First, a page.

Not long after my departure from physicalism, I was in a special topic seminar that focused on the metaphysics of personal identity and a philosopher from Calvin College named Kevin Corcoran was a guest presenter for one of our meetings. Dr. Corcoran published a book in 2006 called ‘Rethinking Human Nature: A Christian Materialist Alternative to the Soul’ and his relevance to the course material was that he rejected the view that a person’s identity could be identified with either something like an immaterial soul or some kind of disembodied mind, but rather their material body. I had the opportunity to basically test my new found convictions about the broad failures of physicalism and so I threw everything I had at him.

You basically had an atheist philosophy student who was the acting secretary for his school’s chapter of the Secular Student Alliance at a public university getting his dialectical-butt kicked by a Christian philosopher who worked at a college named after John Calvin that was actively defending an explicit materialist position.

From the apologetic mindset, the above anecdote would be seen as a strange turn of events, but in the world of contemporary philosophy it is business as usual. The issues surrounding physicalism/materialism cannot reliably demarcate between atheists and theists, too many of each are to be found on either side.
Gadianton wrote:What is the best argument for God, in your opinion?
For a priori arguments, I think ontological arguments have the most going for them. For a posteriori arguments, Fine Tuning probably has the most going for it. Buddhism gets a really favorable reaction from a lot of atheist types when it comes to the metaphysics of personal identity.
Image
User avatar
Gadianton
God
Posts: 2148
Joined: Sun Oct 25, 2020 11:56 pm

Re: The Experience of God

Post by Gadianton »

Reverend K wrote:Glowing review, Dean? A glowering review would be a negative one, no? One in which the reviewer is metaphorically glowering at the book and its author?
Indeed, you're right. I thought that word meant the same thing as glowing, and that's how it came out. But I see I was wrong about the definition.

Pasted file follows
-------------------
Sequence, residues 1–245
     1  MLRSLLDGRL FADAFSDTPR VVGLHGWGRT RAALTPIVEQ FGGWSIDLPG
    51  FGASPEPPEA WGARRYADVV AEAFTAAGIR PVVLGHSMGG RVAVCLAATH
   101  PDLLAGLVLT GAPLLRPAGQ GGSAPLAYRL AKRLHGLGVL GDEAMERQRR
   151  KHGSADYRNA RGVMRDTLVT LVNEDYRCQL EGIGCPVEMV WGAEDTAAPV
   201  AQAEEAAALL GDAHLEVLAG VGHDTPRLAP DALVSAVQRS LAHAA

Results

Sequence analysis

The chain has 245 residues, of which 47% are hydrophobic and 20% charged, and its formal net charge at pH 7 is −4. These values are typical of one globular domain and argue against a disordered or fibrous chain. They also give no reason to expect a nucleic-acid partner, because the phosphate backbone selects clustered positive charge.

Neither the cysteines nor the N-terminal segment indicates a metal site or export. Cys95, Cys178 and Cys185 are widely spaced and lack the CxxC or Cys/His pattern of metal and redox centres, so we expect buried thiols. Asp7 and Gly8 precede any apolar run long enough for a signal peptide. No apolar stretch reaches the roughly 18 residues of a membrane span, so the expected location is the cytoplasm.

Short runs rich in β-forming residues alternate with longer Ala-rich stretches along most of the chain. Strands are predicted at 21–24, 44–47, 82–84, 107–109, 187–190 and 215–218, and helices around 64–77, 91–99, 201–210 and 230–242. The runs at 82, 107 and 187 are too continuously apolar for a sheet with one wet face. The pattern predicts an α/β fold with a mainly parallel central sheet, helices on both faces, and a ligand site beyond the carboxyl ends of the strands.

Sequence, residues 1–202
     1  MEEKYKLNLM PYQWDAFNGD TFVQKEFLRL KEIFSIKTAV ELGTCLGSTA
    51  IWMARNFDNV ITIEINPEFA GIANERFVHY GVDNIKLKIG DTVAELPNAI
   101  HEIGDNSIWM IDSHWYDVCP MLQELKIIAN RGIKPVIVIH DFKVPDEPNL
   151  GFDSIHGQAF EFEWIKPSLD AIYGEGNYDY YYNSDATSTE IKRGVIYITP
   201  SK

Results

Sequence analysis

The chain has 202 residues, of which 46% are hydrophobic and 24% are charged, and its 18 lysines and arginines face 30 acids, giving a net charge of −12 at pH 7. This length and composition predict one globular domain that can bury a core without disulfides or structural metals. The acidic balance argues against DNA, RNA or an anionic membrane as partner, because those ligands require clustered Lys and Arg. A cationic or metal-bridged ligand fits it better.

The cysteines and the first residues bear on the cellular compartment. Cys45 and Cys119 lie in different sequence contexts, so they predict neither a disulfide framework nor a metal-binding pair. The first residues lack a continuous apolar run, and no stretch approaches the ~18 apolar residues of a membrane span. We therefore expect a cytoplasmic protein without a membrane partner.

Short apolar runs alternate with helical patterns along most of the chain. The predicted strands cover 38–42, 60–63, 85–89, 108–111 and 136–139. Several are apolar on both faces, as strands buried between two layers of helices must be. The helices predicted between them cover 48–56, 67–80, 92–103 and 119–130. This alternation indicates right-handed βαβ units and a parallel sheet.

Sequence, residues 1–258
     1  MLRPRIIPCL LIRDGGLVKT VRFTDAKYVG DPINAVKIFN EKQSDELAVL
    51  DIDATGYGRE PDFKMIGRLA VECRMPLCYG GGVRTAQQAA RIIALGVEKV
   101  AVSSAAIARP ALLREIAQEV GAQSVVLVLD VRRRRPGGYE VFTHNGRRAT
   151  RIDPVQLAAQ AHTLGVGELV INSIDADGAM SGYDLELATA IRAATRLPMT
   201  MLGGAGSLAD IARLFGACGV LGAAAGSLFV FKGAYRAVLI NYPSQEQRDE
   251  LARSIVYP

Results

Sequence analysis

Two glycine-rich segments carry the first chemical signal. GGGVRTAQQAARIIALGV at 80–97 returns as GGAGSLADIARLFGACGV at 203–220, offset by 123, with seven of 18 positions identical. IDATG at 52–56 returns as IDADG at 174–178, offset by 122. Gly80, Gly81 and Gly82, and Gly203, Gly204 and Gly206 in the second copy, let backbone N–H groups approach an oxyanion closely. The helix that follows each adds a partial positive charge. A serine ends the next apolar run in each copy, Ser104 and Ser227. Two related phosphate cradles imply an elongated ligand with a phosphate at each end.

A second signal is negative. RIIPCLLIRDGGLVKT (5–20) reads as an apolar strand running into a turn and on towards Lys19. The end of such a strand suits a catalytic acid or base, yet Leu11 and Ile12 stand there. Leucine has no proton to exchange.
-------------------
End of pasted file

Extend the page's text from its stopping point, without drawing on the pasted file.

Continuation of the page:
Reverend K wrote:What Hart may inadvertently achieve is demonstrating that Orthodox theology already addressed many of those problems better than Mormonism could.
That's absolutely true. When Don comes back, I can share the link to James Faulconer's presentation at the Mormon philosophy club a couple years ago, which basically just says Mormonism doesn't address any philosophical problems at all. There's not a single reason why the New MI went the direction it did, but a chief reason, is that narrative theology or some continental knockoff stuff is really the only viable option for being taken seriously. I'm interested in how people like Don navigate being a Mormon while being heavily invested in classical theology.
Reverend K wrote:When it comes down to it, most physicalist arguments I have read did not resonate with my experience of life, and I don't see that it is necessary to hold such views to be a rational thinker and a decent human being.
Do non-physicalist argument resonate with you and your experiences in life? Stem posted a rebuttal to David Chalmers by Sean Carroll. Carroll gave a fair representation of Chalmers' argument I'd say, If you wanted to skim through it. Chalmers has the most aggressive argument against physicalism that I'm aware of. Do you find his thought experiment about zombies as something that resonates with your life experience? If not, then it's probably more accurate to say that the entire contemporary discussion about the mystery of consciousness probably doesn't intersect much with your life experience, in terms of the stakes of being a physicalist or nonphysicalist.

There are two broad distinctions in physicalism, reductive physicalism and supervenience physicalism. You can see DCP bring the word "reductive" in all the time. My point earlier is that the New Atheists also reject reductive physicalism! Dennett calls reductive physicalism "hardware chauvinism". Reductive means that your mind is identical to neurons firing. If that's true, then computers can never be sentient. Lots of futurist atheists dream of sentient computers, and it's not a hard to sway the typical atheist away from hard physicalism once they see the definitions of things. Supervenience physicalism just means that mind depends on matter in some way, but can be instantiated through various configurations, this opens up categories like functionalism. The same mind could be instantiated by different hardware. So my point is that, as a believer reads arguments for functionalism, and then even more aggressive arguments against supervenience physicalism, they probably aren't observing something that is warming up to God.

A long time ago, there probably was a heavy investment by atheists in materialism and materialism became a lot of different things, from an assumption about science to Marxism. And so there are lots of broad ways in which a person can be skeptical of "materialism". But specifically, when the argument involves the inexplicability of mind, and philosophers being baffled, they're talking about the context I'm talking about.

What about LDS theology? Does it resonate with you? Because I don't see how LDS theology is anything but physicalism. No such thing as material matter. Spirits are matter. God is matter. The only thing on the table for non-physical is "intelligence", but nowhere is that revealed as non-physical. In fact, Bruce R. and others insist that rather than having a 3-tier Russian doll, its a 2-tier, with tier 1 being the spirit body that is constructed of intelligence, and so even that is matter.